Protein in lettuce helps bone healing in diabetics

It is known that the bones heal more slowly in diabetics, but researchers are working on treatment at reasonable financial costs through the use of plants that can help in healing. Currently, experiments in mice show promising results.

Not only are people with diabetes more susceptible to bone fracture, but they also take more time to heal than the general population.

Researchers at the University of Pennsylvania in Philadelphia, paving the way for oral treatment that can heal bones faster in people with diabetes.

Centers for Disease and Prevention (CDC) estimate that there are about 30.3 million people in the United States – or 9.4% of the population – who suffer from diabetes.

The CDC also writes that 84.1 million people have diabetes, which can develop into type 2 diabetes within 5 years if left untreated.

This leaves more than 100 million adults in the United States with diabetes or prediabetes.

According to the American Diabetes Association, the estimated economic cost of diabetes for the United States was $ 327 billion in 2017.

And because people with diabetes have a greater risk of fracture and lower rates of bone repair, doctors find recovery from bone fractures a big challenge.

And researchers say at the present time that a person with diabetes and fractures needs regular injection and visits to the hospital, which leads to the patient’s weakness in compliance with this.

New simple and low-cost drug
What if they could come up with a low-cost, simple protein drug that stimulates the growth of bone-building cells and promotes bone regeneration or revitalization?

Dr. Henry Daniell of Penn Dental Medicine- who is the corresponding author on the paper published in the Journal of Synthetic Materials Biomaterials – says the team sought a solution that was affordable, convenient, and could be done at home.

The research builds on the groundbreaking pilot work that Daniell has done for decades to produce an affordable oral alternative to treat insulin through plants.

Daniell told Medical News Today: “Over the past 50 years, recombinant human insulin injections, made from yeast or bacteria, have saved millions of lives, but these products are beyond the reach of more than 90% of the world’s population. Diabetics” .

Insulin is known as the protein hormone produced by the pancreas.

It helps the body convert glucose into energy. Without it, as in diabetes, glucose can accumulate, which leads to serious health risks.

But current insulin treatments are expensive. And Dr. Daniel says: “Insulin pumps cost between $ 6,000 and $ 12,000, while a third of the world’s population earns less than $ 2 a day.” It is worth noting that the price of insulin in the United States has doubled in the past five years.

Insulin production is very expensive and highly unstable, and requires cold storage and transportation, as well as sterile injections. Needle-based delivery has been the only option for 50 years.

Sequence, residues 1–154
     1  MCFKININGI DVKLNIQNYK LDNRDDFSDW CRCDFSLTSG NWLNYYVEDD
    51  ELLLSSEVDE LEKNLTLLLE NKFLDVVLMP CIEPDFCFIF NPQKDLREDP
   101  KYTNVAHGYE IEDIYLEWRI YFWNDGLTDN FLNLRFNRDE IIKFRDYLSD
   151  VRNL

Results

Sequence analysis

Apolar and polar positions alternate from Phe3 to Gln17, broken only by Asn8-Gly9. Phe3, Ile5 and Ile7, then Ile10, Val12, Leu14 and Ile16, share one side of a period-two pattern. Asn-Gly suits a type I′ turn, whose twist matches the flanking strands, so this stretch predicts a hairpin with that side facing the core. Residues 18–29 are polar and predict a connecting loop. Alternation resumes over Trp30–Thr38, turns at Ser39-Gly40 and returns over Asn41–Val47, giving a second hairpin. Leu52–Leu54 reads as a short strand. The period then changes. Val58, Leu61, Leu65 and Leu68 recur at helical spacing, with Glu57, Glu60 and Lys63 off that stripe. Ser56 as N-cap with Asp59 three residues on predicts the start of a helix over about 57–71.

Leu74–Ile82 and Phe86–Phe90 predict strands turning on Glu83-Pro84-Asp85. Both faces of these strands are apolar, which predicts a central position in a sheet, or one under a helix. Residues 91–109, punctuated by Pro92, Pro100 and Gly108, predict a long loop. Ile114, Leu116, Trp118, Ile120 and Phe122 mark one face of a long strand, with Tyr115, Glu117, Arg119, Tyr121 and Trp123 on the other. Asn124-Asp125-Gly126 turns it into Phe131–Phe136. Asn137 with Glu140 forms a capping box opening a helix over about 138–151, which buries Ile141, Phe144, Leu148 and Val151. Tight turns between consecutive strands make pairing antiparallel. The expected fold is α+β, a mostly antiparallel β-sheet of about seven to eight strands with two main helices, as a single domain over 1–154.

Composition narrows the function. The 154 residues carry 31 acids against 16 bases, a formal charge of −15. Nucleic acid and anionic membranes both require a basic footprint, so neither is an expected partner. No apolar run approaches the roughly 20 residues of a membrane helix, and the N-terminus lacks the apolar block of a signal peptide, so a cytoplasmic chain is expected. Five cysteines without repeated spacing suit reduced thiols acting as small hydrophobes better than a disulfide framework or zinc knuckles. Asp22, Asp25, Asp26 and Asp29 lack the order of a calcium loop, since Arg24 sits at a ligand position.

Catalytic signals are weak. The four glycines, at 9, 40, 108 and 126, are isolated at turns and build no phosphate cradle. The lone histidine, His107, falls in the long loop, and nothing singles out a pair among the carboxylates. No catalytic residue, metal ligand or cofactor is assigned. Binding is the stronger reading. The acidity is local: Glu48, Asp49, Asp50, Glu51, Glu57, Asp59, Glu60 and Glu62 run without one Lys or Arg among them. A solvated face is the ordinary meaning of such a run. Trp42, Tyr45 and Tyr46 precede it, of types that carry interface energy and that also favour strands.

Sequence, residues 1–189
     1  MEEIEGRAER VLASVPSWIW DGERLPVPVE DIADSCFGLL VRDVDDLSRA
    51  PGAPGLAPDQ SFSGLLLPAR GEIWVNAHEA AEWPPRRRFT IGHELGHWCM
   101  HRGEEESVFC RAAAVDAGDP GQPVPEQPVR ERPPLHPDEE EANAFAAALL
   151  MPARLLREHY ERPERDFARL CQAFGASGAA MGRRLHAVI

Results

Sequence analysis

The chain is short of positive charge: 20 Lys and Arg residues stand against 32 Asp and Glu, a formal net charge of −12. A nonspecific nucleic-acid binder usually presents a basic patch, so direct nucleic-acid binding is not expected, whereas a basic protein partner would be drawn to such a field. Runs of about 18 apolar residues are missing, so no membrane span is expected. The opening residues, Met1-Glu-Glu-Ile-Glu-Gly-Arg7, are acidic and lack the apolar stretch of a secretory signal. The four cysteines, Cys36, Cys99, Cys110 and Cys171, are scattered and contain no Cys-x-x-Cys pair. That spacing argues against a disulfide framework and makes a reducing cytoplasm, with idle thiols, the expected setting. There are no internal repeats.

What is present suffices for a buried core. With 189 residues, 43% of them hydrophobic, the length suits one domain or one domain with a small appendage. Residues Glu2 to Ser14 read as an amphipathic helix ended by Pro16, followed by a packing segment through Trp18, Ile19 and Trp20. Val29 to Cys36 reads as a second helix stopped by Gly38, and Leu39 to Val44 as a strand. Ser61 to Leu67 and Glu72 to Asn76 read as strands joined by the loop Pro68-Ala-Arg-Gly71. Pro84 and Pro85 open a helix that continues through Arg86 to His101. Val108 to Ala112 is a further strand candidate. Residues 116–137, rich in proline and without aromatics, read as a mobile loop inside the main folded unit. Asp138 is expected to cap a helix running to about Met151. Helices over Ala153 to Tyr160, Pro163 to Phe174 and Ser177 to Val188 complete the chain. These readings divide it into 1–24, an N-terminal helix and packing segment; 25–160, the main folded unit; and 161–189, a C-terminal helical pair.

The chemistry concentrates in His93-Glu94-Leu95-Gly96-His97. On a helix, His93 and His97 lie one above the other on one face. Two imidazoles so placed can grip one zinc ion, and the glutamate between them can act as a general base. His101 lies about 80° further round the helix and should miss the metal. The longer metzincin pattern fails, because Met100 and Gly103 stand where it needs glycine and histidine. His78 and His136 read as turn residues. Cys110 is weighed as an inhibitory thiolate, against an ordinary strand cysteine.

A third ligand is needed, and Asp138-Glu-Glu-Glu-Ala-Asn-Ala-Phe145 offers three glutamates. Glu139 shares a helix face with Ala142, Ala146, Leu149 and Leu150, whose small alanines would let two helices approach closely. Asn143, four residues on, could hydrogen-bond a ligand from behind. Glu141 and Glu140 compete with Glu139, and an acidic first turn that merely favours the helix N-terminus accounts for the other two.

And Daniel said, “Therefore, the goal of delivering medications with protein that can be taken orally is to make them accessible and comfortable.”

Growing protein in lettuce
The work of the research team includes the introduction of specific plant cell proteins. Then plants start expressing this gene in their cells. Once the plant produces protein in its leaves, people can use it for oral treatment.

In this particular study, the team presented the human insulin-like growth factor-1 (IGF-1), a protein that plays a key role in the development and regeneration of muscles and bones. The study also included e-peptides to stimulate regeneration.

Using methods refined by Daniell, the team expressed IGF-1 and CTB (a protein that helps transport molten proteins to the bloodstream from the digestive system) to lettuce leaves and remove the antibiotic resistance gene gene.

Once the lettuce had grown, the researchers had frozen and dried the plant and milled the leaves to produce a drug (drug) and put it on the shelves for three years.

Treatment promotes bone growth in mice
The treatment has caused the growth of many types of cells, including those needed to build bones – oral tissue cells and bone tumors – in mouse and human cells.

When the researchers administered the drug to mice, rodents showed an increase in IGF-1. When diabetic mice consumed the drug, they showed signs of enhanced recovery while improving bone size, density and area.

And Daniel says: “It’s amazing how one protein affected healing a fracture.”

And he continues, “Here we provided oral medication once daily and we saw that healing is accelerating a lot.”

And Dr. Daniel adds that they used lettuce leaves because they are very thin, easy to dry and safe, without any known allergy.

Once the leaves are frozen, the protein remains stable for years without the need for cold storage and transport as well.


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